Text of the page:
In any case, the important question raised by the Swedish study relates to treatment. Can this new diagnosis change the way that doctors help their patients? Kyaga says absolutely. "Patients cannot be reduced to a diagnosis, and these results point to that."

He argues against the tendency to look at patients as either sick or well, because even "sickness" has its upsides. "The underlying traits [of these illnesses] might confer advantages, e.g. creativity," he says. And because of this, Kyaga says that doctors need to think twice before administering standard drug treatments. Drugs can stabilize but in so doing, they can alter a creative person’s personality, process, and product. On the flip side, Kyaga says that some studies have shown an increase in creative output among patients who are taking lithium, a common treatment for bipolar disorder. He points to an old one (1979) in the British Journal of Psychiatry, which examined the effects of Lithium treatment on 24 manic-depressive artists. Half of the sample reported an increase in artistic productivity.

"Treatments need to be based on sound clinical trails," says Kyaga. "And this calls for using large databases of information." Say, 1.2 million Swedes.

[Image: Flickr users Ellen K, Adam Arroyo, and Sarah Sitkin]

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  • aftalonzo

    Obviously you're a writer, but I have to say this article is extremely well-written. You presented the results in a way that is easy to understand even if you don't have experience reading research studies, contextualized the results in a way that shows how the findings can be useful, and maintained a personal voice.

  • popthart10

    I'm no professional, but I am an artist myself who suffers from anxiety and depression. I've always thought that perhaps it is not that artists struggle with mood disorders, but rather people with mood disorders become artists. We need to express our struggles, and art is the avenue we use to do that. Also (to those who have seen the notebook) remember the scene when Allie said, "Most of the time I have all these thoughts bouncin' around in my head... but with a brush in my hand, the world just gets kinda quiet.". Well the same is true for myself and I figure many other artists. Our art calms our thoughts and helps us to think things through.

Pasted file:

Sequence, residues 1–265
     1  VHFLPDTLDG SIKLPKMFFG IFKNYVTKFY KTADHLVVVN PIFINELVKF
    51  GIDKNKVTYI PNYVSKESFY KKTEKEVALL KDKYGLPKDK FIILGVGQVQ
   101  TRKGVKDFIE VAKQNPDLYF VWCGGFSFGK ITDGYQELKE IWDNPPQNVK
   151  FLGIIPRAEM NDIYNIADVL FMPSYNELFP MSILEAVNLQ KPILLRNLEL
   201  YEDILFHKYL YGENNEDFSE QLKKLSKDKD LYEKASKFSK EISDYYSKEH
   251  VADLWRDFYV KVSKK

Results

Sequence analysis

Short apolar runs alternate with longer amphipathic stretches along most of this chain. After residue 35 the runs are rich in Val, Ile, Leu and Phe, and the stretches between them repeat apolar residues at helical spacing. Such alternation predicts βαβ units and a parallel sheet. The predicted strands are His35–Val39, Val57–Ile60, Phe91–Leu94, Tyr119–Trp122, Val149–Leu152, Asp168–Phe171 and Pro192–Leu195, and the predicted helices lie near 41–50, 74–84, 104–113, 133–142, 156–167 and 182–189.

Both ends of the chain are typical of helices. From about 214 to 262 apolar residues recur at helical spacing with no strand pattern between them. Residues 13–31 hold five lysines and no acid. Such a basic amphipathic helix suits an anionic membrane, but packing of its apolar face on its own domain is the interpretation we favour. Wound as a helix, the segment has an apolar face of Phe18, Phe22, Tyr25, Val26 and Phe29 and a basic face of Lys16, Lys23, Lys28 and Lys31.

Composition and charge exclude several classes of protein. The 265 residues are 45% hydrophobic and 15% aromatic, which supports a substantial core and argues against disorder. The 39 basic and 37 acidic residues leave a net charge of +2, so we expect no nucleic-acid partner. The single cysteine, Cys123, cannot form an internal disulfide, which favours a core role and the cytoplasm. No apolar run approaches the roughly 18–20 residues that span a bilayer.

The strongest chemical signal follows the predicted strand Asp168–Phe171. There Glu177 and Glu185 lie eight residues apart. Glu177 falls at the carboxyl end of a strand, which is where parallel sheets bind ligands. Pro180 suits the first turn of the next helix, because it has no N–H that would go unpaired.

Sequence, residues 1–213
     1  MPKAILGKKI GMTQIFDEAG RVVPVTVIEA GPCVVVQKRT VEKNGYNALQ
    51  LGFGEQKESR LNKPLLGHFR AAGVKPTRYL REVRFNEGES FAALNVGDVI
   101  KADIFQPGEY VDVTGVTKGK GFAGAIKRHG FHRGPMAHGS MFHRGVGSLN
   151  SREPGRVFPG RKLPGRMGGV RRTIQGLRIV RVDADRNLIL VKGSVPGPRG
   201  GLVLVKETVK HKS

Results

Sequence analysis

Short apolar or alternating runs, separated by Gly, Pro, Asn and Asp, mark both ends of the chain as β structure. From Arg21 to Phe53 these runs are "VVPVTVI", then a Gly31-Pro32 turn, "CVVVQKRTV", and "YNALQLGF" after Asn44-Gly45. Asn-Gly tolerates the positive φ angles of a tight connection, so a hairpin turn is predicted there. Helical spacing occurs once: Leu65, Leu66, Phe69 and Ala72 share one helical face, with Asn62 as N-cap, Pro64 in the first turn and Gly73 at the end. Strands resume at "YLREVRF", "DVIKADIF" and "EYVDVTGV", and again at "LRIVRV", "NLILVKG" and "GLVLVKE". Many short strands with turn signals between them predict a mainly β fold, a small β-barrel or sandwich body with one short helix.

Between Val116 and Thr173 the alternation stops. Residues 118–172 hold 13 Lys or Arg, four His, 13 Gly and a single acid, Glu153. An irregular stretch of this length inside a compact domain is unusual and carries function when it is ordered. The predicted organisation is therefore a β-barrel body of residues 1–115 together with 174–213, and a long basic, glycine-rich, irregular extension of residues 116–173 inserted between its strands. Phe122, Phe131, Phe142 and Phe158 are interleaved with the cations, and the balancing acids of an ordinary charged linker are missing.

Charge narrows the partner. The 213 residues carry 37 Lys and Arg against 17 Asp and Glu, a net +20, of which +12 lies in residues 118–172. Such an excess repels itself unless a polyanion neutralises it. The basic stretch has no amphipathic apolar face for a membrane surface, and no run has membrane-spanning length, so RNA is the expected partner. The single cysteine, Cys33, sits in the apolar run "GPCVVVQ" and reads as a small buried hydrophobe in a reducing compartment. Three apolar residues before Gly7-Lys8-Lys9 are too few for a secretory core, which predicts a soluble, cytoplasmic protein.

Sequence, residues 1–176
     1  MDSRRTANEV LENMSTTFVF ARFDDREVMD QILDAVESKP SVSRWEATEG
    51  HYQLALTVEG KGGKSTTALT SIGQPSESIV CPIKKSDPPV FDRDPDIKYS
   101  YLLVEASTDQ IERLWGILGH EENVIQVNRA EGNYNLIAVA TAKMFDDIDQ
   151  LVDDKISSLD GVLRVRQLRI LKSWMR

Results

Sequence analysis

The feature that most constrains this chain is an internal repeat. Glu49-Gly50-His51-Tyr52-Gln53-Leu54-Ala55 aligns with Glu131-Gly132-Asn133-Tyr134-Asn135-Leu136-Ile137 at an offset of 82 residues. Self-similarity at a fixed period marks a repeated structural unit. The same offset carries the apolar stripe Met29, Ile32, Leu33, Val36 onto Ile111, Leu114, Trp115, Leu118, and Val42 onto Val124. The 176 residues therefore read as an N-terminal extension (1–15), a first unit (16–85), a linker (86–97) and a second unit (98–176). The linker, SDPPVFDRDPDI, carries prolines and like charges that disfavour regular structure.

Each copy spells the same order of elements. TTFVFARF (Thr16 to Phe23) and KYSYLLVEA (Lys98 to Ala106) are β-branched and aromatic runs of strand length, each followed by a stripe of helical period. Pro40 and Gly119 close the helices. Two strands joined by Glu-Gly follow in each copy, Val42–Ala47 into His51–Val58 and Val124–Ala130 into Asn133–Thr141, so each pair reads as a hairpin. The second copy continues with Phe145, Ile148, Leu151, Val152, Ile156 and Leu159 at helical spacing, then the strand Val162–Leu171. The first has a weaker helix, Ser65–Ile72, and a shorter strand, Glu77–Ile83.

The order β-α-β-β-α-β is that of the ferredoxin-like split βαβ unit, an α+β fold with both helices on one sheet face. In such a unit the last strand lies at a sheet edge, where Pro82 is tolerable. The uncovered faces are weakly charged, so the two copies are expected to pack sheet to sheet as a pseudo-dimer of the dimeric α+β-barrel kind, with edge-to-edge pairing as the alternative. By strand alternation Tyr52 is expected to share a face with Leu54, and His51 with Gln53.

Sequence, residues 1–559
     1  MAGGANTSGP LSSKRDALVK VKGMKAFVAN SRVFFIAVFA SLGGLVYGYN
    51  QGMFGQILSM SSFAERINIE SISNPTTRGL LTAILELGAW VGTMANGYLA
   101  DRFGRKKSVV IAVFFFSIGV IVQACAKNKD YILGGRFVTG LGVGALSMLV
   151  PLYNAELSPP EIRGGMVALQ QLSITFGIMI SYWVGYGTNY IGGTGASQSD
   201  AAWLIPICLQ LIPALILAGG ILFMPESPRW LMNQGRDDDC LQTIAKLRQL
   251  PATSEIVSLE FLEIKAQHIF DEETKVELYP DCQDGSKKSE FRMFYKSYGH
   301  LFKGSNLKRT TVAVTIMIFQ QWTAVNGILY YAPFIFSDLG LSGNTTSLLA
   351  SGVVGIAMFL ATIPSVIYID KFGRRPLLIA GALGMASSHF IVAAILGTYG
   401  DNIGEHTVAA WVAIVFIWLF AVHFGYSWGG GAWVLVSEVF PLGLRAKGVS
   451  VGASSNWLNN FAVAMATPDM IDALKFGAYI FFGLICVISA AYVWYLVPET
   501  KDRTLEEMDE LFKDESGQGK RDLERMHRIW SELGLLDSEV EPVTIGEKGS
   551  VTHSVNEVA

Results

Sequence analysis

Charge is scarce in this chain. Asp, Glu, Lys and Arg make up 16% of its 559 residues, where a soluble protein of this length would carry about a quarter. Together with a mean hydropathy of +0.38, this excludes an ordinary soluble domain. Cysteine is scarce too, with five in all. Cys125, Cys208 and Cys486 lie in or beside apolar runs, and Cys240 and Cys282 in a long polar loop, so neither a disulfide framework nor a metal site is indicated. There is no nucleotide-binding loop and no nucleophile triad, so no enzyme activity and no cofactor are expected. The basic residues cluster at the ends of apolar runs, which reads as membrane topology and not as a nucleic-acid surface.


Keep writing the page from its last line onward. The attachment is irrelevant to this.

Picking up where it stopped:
• Nicholas Leo

    what do you mean your mind has refracted? Im confused but curious.

    As a highly creative individual - I think bipolar is found somewhere in the corpus collosum? did i say that right? anyways the part of the brain that wires the two hemispheres together.

    I theorize & I could be far off or totally wrong - because I have been in the past many a times. But I believe that bipolar may be the switching of consciousness from extremes of the both hemispheres.

    I believe one brain is there for input probably the logical brain & then the right hemisphere is there to detract truth from untruth. Or right from wrong. Also it probably deduces distances - size. One brain focus' on the object and then the other deduces or filters in the shape of everything around it. I believe Bipolar people have unconsciously created a state of paradoxical questioning. Asking one very concrete thought by one hemisphere & then following up with an abstract rationalization of if that is correct or not.-nick

  • mrguesswho

    Your Creative, and the bipolar is realitively modern concept.
    Your mind has refracted, and is rewired as a out come, it's self tempory adjustments in process, won't last forever, all normalize soon, don't worry dosn't last for ever, you'll notice your in more control , awareness is the realization of change....good luck Paul, all the best.
    I joke around some times but, i'm been more serouse here.

  • mrguesswho

    I realy enjoyed reading this whole page,your all crackers....

    off your rockers...hate to sound bitchy, but,.. that lady that poor writer that give up and writes on a pair string schedual,to me,....she give up,simple as that, she proberly got pregnant in a one night stand feeling low and needed to step of the linear plat form, she simply wants to be a writer, how can you be who you arn't serouse writer's write thats it to them it's like cooking dinner and brushing ones teeth, you live what you are fuck the money to leave that film plot process of self creation and entertainment for free, happy campers,the money, fame,it's just a bonus with hassle,where was i,.... yea so gee, now shes got a baby to feed simple as that,she felt low and jumped into bed with somebody , she wanted out,now me, on the other hand, am a proper writer, am happy and want nothing, nothing, nothing at all,not even to get published, i'm a genuise wonderfull me... am on dole, like a true poetic trubadour, dying in  Act UB40, i know 43yrs to be precised anyway, where was i...O'yes.. and i can't beleave it when people say your not a writer've had nothing published, can you belive that?..!!